And here’s where the crap REALLY hit the fan. I started cutting my lines in the fabric to make the chenille, and I was only supposed to cut through the 2 blue layers and the white layer leaving this back piece whole. But no. A dozen rows in, I whacked through all 4 layers in a serious way. Dana over at MADE, shows how to fix a super small hole that she cut into her fabric with fusible web. I began this method also, because, well what else was there to do. I was too many hours deep into this project to chuck it. So I got things all lined up-or so I thought- and then realized my stripes would not line up no matter how I turned the fabric patch. About 30min after staring at the stripes going “HOW IS THIS POSSIBLE?!” I realized that the homespun fabric doesn’t have a right or wrong side, and that I had fused the fusible web to the opposite side of the fabric than I should have, and I was trying to match a mirror image patch of the plaid to my blanket. I re-cut the fabric and matched it up as best I could because my fabric was stretched and katty-whompus from my wavy stitches.
Moving on… If you decide to make this project, I suggest you follow Dana’s directions exactly and use only quilting cottons for the front and broadcloths for the chenille layers. I ran into massive amounts of trouble trying to cut through the layers of flannel and ended up buying new little Fiskars-looking kid craft scissors to use. That made things much easier. I also recommend washing and drying your blanket BEFORE you start cutting the layers. It is easier to let the wash take the spray adhesive out instead of trying to separate it from the back fabric and layers you want to cut with your scissors. It was a nightmare. I washed it twice before all my adhesive came out. 
But Here It Is! All Soft and Lovely and Innocent looking. I used the bias binding I already had made from my last project on the blanket. I like it with the bias-plaid stripes anyways. This will be one of Wyatt’s Christmas presents. Redding has 2 quilts already, and little Wyatt needs one of his own.

Here is the infamous cut and patch in the fabric.I had to patch over about 3 rows to completely cover the cut and then sew over top of it. It’s not too bad.

I really do like the blanket now that it’s finished and cute. I’m still in love with the plaid even after all that and am using the rest of the binding to make placemats and napkin rings for my table.

On to cute projects that turn out right the 1st time. I’m entered in an ornament swap with my Etsy Street Team, the Fabulous Artistic Moms and started looking for some ideas. I love the look of crocheted snow flakes, but have always been a tad scared of them because of their using doily size thread. Super fine and it intimidates me. But I want to carry on the tradition of my Great Grandmother -Mama Bea- who taught me to crochet when I was eleven, and learn to make beautiful doilies like her. 
I found this pattern on BH&G website and after looking at some completed projects of these on Flicker, decided to whip out my doily thread and hook. It turned out perfect. And the directions were great. And all I need to do now is grab some fabric stiffener to finish this puppy up. And maybe some sparkley spray paint. I dunno just yet. My question is…. Would this be cute for my ornament swap and something everyone would like, or should I go with something else? I do have a back-up plan that is more trendy. Last year I bought all the stuff to make little hanging air plant ornaments similar to this but in glass ornaments instead. That is also an option. I am just not sure what to send. What do you think?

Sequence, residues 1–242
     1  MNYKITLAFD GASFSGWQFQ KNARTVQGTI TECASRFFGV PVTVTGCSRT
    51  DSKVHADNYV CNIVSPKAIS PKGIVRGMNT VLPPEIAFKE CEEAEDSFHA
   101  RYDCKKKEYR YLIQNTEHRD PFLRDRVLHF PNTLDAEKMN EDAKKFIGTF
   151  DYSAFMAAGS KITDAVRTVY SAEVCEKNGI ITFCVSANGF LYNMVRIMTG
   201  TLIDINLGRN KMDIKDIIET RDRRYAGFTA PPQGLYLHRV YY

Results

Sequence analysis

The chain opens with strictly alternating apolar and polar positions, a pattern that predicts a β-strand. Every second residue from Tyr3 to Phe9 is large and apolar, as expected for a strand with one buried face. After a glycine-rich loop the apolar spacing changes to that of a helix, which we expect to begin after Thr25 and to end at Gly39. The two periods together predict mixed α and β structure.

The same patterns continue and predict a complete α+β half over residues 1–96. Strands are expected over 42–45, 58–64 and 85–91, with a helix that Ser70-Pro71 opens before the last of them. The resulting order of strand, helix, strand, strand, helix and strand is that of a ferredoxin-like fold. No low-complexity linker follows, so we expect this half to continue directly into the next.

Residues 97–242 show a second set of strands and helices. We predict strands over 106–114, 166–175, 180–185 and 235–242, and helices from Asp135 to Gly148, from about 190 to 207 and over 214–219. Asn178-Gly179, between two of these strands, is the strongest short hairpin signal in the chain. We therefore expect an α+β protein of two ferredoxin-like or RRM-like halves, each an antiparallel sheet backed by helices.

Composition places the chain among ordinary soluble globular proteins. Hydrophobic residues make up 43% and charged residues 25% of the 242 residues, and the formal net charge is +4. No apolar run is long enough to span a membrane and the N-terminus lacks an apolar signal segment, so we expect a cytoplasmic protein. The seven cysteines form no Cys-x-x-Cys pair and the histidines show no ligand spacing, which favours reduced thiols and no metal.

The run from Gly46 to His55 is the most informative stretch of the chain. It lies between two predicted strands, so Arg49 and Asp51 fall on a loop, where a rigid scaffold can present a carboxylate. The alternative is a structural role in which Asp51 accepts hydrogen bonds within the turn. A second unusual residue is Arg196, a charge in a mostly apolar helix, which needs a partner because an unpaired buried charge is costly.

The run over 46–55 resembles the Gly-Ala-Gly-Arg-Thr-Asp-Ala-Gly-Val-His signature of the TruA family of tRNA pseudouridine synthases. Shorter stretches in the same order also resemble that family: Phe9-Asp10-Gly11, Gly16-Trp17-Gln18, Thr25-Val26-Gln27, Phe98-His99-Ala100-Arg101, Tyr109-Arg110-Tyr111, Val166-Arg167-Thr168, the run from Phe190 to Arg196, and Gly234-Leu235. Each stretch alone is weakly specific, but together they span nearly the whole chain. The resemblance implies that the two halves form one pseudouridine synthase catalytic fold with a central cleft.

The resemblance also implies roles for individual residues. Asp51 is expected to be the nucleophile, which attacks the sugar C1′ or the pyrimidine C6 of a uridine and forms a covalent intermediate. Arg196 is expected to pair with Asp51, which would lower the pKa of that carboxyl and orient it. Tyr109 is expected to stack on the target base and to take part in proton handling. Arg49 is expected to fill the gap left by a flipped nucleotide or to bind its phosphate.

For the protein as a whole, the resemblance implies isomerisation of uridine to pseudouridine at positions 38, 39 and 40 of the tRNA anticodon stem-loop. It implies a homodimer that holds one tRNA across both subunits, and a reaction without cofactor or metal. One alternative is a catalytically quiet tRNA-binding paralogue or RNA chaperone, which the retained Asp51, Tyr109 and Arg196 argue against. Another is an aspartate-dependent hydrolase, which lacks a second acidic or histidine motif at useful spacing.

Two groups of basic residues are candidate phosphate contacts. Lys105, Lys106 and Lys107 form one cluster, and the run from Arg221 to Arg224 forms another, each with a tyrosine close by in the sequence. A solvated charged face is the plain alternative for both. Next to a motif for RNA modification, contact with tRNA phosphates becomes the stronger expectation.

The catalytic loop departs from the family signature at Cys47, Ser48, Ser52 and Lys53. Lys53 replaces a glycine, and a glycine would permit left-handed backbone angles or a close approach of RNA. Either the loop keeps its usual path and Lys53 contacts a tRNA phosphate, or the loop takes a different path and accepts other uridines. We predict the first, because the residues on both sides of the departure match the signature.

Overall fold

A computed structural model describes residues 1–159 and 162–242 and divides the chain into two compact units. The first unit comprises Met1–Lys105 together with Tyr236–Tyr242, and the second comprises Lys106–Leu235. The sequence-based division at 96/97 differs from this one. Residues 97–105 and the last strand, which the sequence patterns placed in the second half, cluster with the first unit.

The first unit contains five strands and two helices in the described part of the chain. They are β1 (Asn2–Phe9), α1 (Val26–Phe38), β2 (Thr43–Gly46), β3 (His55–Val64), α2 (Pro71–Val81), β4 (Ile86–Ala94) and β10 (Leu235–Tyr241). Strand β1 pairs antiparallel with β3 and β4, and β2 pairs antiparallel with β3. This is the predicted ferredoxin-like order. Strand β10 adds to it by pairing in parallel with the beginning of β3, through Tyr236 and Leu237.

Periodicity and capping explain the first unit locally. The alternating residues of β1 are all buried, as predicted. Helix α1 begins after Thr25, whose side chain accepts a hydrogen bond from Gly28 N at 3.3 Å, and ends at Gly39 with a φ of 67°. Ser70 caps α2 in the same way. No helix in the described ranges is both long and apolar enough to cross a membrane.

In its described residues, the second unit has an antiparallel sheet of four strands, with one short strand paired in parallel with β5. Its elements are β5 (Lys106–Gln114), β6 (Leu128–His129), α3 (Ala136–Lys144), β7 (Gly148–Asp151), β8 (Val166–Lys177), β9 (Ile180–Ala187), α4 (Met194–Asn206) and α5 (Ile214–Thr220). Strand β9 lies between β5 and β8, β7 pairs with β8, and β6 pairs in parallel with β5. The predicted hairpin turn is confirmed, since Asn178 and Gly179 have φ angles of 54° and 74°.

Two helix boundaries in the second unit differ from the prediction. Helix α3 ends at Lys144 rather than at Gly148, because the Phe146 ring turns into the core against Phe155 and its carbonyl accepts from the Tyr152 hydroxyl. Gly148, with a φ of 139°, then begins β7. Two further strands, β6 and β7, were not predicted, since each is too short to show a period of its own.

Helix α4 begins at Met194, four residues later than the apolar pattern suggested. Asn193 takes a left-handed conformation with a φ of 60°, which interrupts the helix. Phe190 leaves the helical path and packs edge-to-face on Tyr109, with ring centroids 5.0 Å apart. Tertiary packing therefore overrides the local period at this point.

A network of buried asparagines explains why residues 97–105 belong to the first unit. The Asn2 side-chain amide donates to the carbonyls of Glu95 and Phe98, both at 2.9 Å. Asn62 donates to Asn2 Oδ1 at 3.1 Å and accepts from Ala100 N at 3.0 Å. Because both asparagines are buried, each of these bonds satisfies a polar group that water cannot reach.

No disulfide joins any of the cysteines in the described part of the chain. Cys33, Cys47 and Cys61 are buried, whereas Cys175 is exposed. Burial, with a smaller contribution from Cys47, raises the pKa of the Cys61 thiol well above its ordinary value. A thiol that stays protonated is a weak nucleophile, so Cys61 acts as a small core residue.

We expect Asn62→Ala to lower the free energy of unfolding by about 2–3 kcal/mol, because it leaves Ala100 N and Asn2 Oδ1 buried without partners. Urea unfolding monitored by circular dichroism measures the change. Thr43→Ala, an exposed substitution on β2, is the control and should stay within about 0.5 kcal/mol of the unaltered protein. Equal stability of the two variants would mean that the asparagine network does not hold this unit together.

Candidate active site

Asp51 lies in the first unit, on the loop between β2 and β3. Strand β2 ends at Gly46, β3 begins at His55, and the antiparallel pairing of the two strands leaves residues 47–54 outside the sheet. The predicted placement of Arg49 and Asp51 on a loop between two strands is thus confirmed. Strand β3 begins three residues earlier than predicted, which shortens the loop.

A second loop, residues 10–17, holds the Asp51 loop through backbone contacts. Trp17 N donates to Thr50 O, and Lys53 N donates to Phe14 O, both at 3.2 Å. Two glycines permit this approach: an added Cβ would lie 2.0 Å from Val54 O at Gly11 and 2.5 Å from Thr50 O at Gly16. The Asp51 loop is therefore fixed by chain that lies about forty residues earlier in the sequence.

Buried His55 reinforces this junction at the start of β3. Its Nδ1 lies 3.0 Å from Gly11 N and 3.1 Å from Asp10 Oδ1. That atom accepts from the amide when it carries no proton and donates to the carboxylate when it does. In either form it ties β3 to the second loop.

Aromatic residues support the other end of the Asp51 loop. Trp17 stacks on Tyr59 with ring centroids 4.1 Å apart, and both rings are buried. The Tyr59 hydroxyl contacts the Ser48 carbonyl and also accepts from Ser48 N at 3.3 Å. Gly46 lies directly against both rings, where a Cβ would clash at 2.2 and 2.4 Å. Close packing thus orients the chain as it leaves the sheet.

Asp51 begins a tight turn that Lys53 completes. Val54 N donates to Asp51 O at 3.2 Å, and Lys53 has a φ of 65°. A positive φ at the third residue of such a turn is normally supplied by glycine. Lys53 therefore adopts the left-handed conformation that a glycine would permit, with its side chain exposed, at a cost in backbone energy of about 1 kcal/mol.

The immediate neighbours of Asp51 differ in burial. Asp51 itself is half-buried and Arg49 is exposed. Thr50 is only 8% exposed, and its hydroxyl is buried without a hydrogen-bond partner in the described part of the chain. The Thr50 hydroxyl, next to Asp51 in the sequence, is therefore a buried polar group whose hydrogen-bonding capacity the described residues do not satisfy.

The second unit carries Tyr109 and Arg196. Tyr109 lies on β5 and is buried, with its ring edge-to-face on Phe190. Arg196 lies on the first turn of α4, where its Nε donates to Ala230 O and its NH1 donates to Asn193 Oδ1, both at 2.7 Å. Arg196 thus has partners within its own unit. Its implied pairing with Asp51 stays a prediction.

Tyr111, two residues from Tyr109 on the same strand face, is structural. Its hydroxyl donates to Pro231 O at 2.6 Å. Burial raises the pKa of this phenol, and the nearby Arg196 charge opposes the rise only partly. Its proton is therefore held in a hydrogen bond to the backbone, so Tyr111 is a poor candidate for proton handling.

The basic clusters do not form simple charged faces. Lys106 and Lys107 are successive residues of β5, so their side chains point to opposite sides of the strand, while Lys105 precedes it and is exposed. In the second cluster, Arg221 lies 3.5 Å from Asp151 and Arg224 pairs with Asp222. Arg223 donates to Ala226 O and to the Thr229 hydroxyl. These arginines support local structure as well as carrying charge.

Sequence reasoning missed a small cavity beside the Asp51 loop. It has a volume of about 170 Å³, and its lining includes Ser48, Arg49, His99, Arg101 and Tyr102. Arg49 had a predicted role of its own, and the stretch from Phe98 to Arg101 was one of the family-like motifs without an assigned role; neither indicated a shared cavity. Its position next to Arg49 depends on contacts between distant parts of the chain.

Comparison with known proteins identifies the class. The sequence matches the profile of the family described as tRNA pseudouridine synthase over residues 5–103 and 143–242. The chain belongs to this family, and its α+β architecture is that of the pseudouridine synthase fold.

(By the way, if you zoomed in on this picture you will notice the brown stains in the thread. I have no idea how the thread got stained, but this was the only thread I had to work with. I will be replacing it or painting it with silvery glittery paint. Or bleaching it.)

Fall Coasters

I can’t believe Fall is here already! It doesn’t quite feel Fall-ish yet to me, but I am getting in the mood with this project I made for the Celebrate Color Crochet category.

These adorable little crochet coasters were so fun to make! And my favorite projects are the short and sweet kind-this definitely qualified. I made them in Red Heart yarns worsted and sport weights (did you know it’s Red Hearts 75th Birthday this year?). I wanted a couple different colors in the worsteds, but hey, they’re coasters and use scraps of yarn by comparison to other projects so why buy more yarn. (I know, ANY excuse to buy yarn is a good one, but you haven’t seen my collection…)

I sketched out the designs by looking at pics on google of the items I was making: an Acorn, an Apple, a Pumpkin, and a Leaf. I tried to keep the shapes about coaster size and measured them against our cups to make sure they fit.Then I perused my stash of yarn and grabbed a selection. I crocheted them by chaining my base chains the with of the bottom of the pattern and single crocheted up adding or decreasing at the ends of the rows as needed to match the pattern size. Or in the pumpkin’s case, I made a loop of 3 chains and worked rows out until it was about the size of the pattern. I made most of the stems and leafs separately and stitched them on with a yarn needle. The most important part was outlining the finished pieces in chain stitches to smooth the edges and complete the look.

For the Leaf (it’s a light golden color, but looks tan in the pics), I chain stitched the grey/tan stem with 3 rows of chains on top of each other. I left a long tail and stitched it to the Leaf then sewed the vein pattern by catching little bits of the gold yarn so that it would stay in place, but not be overly obvious.

The Acorn is probably my favorite. I really like how the shape turned out. This stem and nut part are made in the sport weights and the cap is made in worsted. Didn’t make much difference honestly.

Redding was a good help by keeping my company while he worked on his “drawing.” Stickers, colored pencils, and glue. What more could a 2yr old ask for?